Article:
It’s common sense—though not always common practice—to fully explain negative feedback. To fix mistakes and improve habits, people need to truly understand what wasn’t right the first time around. Sometimes, however, it’s just as important to clarify what you mean by your positive feedback. Here’s an example:
One semester in college, I worked in a psychology lab for credit. I worked under a Ph.D. candidate who had designed a behavioral psychology experiment to test whether certain emotional activities affected people’s short-term empathy. Because I was in a teaching program at the time and was used to instructing students, she asked me to lead the experiments. My job was pretty simple: I handed out the materials and explained the instructions to the participants, sticking to a script.
After the first experiment, the Ph.D. candidate was very positive about my performance: “Yes, that was perfect! Your teacher mode is perfect for this!”
I was happy to have done well and tried to emphasize my “teacher mode” during the next experiment. Unfortunately, she wasn’t nearly as impressed that time. She told me “You weren’t as teacher-y this time. Try to get into that teacher mode you used last time.”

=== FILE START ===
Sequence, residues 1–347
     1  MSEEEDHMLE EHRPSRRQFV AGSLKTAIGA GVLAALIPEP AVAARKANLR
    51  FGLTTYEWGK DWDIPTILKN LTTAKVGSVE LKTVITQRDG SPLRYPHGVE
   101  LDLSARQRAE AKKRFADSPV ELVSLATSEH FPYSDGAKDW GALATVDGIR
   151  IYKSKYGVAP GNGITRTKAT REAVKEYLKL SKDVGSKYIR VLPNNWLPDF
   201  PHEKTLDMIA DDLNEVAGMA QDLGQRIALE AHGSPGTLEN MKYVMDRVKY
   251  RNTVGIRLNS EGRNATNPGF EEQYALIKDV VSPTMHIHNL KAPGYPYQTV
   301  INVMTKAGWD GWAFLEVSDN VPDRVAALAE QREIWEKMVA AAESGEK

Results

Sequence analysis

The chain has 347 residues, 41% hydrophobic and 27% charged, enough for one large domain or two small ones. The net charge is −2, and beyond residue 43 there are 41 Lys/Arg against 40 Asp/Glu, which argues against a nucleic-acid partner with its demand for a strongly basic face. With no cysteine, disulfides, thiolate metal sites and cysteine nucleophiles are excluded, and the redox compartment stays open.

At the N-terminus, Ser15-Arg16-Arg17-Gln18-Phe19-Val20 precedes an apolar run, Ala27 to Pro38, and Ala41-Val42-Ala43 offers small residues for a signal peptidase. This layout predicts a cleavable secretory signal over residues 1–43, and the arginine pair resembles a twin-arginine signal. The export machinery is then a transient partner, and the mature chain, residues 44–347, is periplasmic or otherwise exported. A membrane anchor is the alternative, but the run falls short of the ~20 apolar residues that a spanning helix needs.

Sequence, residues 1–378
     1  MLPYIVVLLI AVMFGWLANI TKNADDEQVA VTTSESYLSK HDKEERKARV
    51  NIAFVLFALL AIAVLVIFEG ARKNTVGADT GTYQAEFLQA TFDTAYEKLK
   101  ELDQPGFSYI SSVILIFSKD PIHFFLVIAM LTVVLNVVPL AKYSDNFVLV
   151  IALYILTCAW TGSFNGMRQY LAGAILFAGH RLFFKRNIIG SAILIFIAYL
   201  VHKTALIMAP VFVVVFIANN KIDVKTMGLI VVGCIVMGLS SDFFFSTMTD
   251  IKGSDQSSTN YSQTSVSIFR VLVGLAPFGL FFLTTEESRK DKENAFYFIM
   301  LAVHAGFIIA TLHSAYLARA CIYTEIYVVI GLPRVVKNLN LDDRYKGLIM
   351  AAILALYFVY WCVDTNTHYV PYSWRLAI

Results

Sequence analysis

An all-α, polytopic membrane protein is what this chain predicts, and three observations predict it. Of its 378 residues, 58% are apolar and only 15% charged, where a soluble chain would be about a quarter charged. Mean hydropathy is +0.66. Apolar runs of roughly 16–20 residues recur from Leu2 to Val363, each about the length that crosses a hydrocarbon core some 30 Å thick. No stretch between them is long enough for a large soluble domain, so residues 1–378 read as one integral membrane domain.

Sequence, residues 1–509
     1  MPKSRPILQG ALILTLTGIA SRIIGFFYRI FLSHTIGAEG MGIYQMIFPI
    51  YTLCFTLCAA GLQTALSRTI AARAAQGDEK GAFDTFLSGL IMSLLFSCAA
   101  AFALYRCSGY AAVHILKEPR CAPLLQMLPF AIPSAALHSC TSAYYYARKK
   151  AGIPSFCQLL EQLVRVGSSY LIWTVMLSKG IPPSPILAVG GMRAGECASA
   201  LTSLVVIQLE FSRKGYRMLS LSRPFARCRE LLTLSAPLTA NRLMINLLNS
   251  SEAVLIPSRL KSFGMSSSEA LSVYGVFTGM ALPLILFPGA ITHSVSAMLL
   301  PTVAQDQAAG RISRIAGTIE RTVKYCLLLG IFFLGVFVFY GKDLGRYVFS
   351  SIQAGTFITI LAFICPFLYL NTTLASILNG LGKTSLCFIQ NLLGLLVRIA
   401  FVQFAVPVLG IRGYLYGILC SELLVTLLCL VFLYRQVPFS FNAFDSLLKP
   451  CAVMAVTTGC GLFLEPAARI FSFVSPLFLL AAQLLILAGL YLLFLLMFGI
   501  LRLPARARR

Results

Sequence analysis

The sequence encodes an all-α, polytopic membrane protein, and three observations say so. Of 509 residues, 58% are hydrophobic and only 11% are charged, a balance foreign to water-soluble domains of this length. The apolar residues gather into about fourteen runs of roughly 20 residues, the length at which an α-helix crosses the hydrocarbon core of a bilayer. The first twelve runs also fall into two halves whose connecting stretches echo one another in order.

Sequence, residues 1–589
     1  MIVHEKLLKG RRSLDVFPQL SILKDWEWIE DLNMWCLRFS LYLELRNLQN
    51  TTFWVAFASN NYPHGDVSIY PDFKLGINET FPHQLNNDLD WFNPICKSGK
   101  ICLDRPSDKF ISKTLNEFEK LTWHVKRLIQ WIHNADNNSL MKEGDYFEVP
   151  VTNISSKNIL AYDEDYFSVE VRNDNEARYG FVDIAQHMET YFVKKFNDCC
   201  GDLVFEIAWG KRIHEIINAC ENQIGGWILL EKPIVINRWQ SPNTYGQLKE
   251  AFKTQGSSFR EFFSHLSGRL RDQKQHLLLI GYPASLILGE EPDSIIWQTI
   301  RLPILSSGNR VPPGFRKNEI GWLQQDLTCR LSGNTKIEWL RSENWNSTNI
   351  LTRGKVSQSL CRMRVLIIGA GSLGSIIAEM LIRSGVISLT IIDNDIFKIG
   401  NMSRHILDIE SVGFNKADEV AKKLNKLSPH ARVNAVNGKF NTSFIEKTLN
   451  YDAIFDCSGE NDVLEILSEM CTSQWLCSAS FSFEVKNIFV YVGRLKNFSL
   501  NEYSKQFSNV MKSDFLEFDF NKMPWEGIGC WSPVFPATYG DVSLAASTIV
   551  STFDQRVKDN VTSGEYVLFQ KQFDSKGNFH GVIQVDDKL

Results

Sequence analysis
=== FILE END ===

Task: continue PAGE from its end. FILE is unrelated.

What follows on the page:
Inconsistencies in administering the test were a big deal because they could skew the data, so I wanted to get it right. But I was confused. I thought I’d really brought out the “teacher mode” this time, so I asked her for clarification.
“You know, you acted like a teacher. You weren’t mean, but you seemed stern and in charge.”
Well, that explained it. Our definitions of “teacher mode” were completely different. I had assumed that she meant that she liked my warmth and inviting nature—qualities that were stressed in my teaching program—but she actually was referring to attributes that were practically the opposite.
Once we got on the same page, I was able to act the way she wanted, and the rest of the semester went smoothly. But the whole issue could have been avoided if we’d spent a little time discussing that first piece of praise.
If the circumstances had been different and she hadn’t been there to observe my second experiment, I could have gone on doing the wrong thing for weeks, all the while assuming I was right on target. Think about that the next time you offhandedly praise an employee or co-worker. Follow up a vague “I like the way you handled that” with some specifics, or risk the person misinterpreting your intent.
Do you have a good miscommunication story? Share it in the Comments section!